In their quest for food to feed their partner who is guarding the egg during breeding season and later for the young, albatrosses can fly thousands of kilometres in just a couple of weeks’ time. Once loaded with enough proteins, they are perfectly able to return to their nest in a straight line. How is that even remotely possible?
Recent evidence suggests that pigeons adjust their behaviour in response to inaudible low-frequency sound waves, or infrasound. Geophysicists Olivier den Ouden of the Royal Netherlands Meteorological Institute (KNMI) and TU Delft (CEG faculty) and Jelle Assink (KNMI), are examining whether seabirds, and albatrosses in particular, may also use infrasound to navigate across the ocean.
An acoustic map
Possible infrasonic sources, which can be used as navigation ques, are ocean waves colliding with each other, or with the coastlines Perhaps this type of infrasound produces some kind of acoustic map which the birds use to find their way. In 2016 the TU Delft researchers teamed up with seabird ecologists from the University of Liverpool (UK), auditory experts from Stellenbosch University (South Africa) and statisticians from the University of Florida (USA), to find out.
Now, two years later, about a dozen albatrosses are flying around with tiny infrasound measuring devices on their backs. The field work is done on and around the Crozet Islands, in the French Sub-Antarctic. Lying at 46 degrees south, Crozet is in one of the most remote and windiest parts of the Earth.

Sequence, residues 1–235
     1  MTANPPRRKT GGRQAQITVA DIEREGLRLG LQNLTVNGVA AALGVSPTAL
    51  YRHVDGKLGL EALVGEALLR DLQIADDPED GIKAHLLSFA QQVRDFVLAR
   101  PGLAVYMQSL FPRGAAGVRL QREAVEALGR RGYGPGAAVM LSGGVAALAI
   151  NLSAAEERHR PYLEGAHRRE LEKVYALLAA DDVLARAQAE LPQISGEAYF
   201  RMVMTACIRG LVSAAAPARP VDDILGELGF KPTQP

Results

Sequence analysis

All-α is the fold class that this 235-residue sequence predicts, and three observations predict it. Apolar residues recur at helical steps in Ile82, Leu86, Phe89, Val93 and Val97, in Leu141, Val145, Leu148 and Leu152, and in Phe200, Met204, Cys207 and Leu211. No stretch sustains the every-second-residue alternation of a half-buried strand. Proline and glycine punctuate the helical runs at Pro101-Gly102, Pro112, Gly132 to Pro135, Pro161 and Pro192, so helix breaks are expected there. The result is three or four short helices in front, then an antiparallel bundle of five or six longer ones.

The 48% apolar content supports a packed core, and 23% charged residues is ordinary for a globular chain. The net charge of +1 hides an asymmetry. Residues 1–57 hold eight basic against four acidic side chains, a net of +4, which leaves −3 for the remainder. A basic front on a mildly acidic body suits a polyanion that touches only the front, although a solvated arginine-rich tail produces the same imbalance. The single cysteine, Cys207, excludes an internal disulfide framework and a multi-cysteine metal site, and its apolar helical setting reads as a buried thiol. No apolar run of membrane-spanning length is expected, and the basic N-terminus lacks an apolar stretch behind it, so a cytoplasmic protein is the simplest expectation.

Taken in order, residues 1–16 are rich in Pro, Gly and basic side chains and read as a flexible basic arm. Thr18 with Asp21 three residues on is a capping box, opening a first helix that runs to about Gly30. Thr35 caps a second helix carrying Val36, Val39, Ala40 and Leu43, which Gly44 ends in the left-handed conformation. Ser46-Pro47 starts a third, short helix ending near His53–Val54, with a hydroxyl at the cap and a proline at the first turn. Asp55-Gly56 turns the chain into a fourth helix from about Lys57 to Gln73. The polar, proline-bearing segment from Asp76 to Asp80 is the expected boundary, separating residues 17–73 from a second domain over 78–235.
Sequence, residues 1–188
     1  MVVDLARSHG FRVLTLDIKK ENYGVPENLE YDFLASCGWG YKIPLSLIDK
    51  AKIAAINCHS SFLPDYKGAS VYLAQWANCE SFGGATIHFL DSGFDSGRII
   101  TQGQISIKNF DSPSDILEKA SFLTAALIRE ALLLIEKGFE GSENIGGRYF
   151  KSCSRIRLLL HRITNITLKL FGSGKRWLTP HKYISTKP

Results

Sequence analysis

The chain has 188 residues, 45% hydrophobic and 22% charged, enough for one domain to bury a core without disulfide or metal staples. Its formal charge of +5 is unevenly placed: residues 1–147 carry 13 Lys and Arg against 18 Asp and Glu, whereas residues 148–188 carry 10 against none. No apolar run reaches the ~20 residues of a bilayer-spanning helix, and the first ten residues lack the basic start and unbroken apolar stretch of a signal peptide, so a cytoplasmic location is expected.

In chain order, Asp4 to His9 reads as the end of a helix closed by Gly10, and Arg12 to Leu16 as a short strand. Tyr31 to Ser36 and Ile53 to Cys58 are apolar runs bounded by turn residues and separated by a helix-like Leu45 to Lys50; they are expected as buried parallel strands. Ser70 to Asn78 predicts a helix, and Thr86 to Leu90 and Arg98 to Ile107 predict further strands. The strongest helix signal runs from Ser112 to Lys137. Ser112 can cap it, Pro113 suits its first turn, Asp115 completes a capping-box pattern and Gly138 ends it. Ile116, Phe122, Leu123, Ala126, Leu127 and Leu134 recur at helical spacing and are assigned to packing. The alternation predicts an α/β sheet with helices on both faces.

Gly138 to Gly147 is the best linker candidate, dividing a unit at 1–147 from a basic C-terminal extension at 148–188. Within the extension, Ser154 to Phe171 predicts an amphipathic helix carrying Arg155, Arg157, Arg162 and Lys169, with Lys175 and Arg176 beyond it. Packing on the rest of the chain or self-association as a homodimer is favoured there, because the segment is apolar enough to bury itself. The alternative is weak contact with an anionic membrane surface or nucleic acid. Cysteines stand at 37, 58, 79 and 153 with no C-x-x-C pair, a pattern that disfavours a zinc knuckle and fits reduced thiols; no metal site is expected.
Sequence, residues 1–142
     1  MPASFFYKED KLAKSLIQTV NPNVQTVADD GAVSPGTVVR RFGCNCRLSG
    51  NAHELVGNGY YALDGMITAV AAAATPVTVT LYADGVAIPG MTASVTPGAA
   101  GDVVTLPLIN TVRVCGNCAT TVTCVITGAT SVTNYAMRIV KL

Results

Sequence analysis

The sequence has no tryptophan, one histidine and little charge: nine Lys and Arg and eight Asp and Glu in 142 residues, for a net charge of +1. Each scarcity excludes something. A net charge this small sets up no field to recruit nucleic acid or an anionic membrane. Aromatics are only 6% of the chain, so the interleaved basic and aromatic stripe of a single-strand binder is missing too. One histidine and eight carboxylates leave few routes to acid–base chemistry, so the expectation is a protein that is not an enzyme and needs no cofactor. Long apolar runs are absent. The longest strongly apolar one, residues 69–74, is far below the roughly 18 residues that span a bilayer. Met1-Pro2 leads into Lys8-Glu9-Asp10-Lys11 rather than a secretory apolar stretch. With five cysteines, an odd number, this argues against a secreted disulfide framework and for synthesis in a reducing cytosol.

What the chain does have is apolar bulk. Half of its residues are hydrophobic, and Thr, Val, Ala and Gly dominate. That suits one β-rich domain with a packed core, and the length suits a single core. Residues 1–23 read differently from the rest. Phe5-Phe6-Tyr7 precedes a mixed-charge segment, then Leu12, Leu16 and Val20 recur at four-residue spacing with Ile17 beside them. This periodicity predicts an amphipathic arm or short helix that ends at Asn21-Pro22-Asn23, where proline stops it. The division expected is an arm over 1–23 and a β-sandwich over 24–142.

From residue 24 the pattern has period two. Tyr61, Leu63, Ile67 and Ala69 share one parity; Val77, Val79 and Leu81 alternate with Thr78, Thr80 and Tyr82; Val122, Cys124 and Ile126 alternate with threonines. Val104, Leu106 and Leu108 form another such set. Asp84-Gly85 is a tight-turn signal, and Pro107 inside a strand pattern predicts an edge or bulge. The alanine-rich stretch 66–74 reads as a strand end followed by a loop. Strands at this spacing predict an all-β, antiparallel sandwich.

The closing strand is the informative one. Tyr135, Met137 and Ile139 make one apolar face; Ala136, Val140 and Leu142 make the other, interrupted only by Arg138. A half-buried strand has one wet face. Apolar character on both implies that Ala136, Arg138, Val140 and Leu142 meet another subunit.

The researchers named their measuring device, a logger about the size of a match box, the ‘infrasound-sputnik’. “It is a low-cost mobile multidisciplinary measurement platform for geophysical monitoring, consisting of a three-component accelerometer, a barometric pressure sensor, an anemometer, and a differential pressure sensor,” says Den Ouden. “A programmable microcontroller unit controls the sampling frequency of the sensors. A weather and waterproof casing is used to protect the mobile platform.”
‘The data will tell us where the birds were flying, and whether infrasound could have been heard’
Den Ouden is keen to get his hands on the data, which can come in any moment now. “The data will tell us where the birds were flying, and whether infrasound could have been ‘heard' or 'felt’ during the flight. Twenty-five of these loggers were mounted on the backs of Albatrosses on Crozet Island between January and March. The data is currently on its way back to Europe, but unfortunately is delayed due to covid-19.”
The loggers also offer the opportunity to collect recordings in parts of the world that are inaccessible to traditional equipment. “This is an example of how albatrosses can collect at-sea data on a huge range of parameters, crucial across scientific disciplines.”
The research is funded by The Human Frontier Science Program (HFSP), a programme that funds basic research in life sciences and that involves 13 countries and the European Union.